By Staff Sgt. C. Todd Lopez
WASHINGTON (Feb. 03, 2004) -- The Air Force's newly created Fleet Viability Board will begin assessment of the KC-135E/R Stratotanker in April.
The Air Force Fleet Viability Board stood up in August and was created in response to a directive from Secretary of the Air Force Dr. James G. Roche to create an agency that could provide senior leaders with an unbiased assessment of the service's aircraft fleet longevity.
Despite recent controversy and discussion surrounding that tanker fleet, the assessment will remain impartial and fair, said the board's director, Col. Francis P. Crowley.
"The Fleet Viability Board looks to have total impartiality and objectivity in doing an assessment," Colonel Crowley said. "We don't seek to prove anybody's point. What we are looking for is the best answer for our national defense and for the American taxpayer."
Colonel Crowley also said that having operational control of the process at a high level – the Air Force’s Installations and Logistics Directorate at the Pentagon – and the personal integrity of each board member ensures honest and impartial assessment.
"Secretary Roche asked the Air Force deputy chief of staff, Installations and Logistics, and the Air Force Materiel Command to come up with a process, similar to the Navy's process for retiring ships, to be used on our aircraft," Colonel Crowley said.
Although different from the Navy’s process, which focuses on seaworthiness, the Air Force Fleet Viability Board was the result of this collaboration.
The board is still working on its first assessment of the C-5A Galaxy. That project began in October and will conclude in March. Because the C-5A assessment was the first, it was used as a learning tool to develop the assessment process. It will serve as a template for future assessments, Colonel Crowley said.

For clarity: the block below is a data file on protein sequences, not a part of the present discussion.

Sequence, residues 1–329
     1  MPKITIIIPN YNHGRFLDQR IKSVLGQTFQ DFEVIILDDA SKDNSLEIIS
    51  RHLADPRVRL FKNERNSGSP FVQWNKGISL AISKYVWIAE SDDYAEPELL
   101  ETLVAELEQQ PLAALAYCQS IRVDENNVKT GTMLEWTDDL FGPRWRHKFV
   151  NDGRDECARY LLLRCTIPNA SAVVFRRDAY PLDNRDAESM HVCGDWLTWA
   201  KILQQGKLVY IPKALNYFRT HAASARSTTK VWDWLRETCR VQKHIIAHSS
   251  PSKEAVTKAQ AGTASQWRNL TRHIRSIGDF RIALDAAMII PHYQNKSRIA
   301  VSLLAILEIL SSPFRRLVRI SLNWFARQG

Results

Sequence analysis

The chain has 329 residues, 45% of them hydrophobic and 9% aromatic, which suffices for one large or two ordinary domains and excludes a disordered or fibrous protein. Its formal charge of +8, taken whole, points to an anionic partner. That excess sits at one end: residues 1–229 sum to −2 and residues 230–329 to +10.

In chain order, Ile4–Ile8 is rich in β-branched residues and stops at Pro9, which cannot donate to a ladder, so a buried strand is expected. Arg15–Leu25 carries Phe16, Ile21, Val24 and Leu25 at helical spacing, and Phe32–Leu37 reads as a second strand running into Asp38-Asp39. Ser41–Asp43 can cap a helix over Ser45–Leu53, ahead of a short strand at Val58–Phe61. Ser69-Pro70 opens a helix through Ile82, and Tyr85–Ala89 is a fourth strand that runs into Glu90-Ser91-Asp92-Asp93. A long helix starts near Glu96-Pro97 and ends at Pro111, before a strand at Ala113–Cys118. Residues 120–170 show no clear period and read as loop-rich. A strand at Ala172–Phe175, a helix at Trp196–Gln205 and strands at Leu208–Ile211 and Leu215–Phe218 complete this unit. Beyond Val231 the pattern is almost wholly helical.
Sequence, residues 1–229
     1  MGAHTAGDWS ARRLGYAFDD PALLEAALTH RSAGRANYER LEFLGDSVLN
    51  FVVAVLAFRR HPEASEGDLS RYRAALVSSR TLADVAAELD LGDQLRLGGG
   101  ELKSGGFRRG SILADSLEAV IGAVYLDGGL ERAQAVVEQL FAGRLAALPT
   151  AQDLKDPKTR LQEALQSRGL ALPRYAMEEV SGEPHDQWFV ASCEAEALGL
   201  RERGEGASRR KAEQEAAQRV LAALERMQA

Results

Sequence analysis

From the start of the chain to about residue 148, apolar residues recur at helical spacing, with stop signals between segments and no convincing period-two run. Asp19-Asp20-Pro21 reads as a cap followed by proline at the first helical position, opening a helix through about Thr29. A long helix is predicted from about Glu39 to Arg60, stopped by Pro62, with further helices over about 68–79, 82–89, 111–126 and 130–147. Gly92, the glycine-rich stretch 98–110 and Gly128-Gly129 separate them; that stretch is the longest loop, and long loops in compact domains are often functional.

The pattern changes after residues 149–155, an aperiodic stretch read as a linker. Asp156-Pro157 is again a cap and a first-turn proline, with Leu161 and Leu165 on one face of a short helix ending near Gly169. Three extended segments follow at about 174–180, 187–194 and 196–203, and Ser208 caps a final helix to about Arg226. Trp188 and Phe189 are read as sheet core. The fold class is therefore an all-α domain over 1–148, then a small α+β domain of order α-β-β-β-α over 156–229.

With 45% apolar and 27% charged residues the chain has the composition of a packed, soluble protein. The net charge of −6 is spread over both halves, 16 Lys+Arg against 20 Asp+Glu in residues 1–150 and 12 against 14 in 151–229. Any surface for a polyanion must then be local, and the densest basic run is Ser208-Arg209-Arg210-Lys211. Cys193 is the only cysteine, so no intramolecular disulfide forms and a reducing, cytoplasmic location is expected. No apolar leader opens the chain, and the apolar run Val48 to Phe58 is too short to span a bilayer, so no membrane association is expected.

"The C-5A is a prototype assessment and all follow-on assessments will improve upon that assessment process," he said.
Until recently, board members did not know what their next assessment project would be, because there had not been an official list produced. Colonel Crowley said the board was involved in making suggestions about which aircraft should be assessed.
"(Board members) did make assessment recommendations to senior leaders," Colonel Crowley said. "To do that we went to various groups of people, including technical experts among various engineering specialties and asked which fleets they were most concerned with. We looked at structural service life remaining, any identified corrosion or stress fatigue issues, non-mission capable rates, maintenance man-hours per flying hours, modification costs per aircraft and how the aircraft ranked in various sorting of the data. This analysis resulted in the board recommending the KC-135E/R as a follow-on assessment to the C-5A.”
In January, the secretary of the Air Force signed off on the official assessment list. That list includes the KC-135E/R, the A-10 Thunderbolt II, the F-16 Block 10/15 and the B-52H Stratofortress. Colonel Crowley said the goal of the board is to assess three aircraft a year.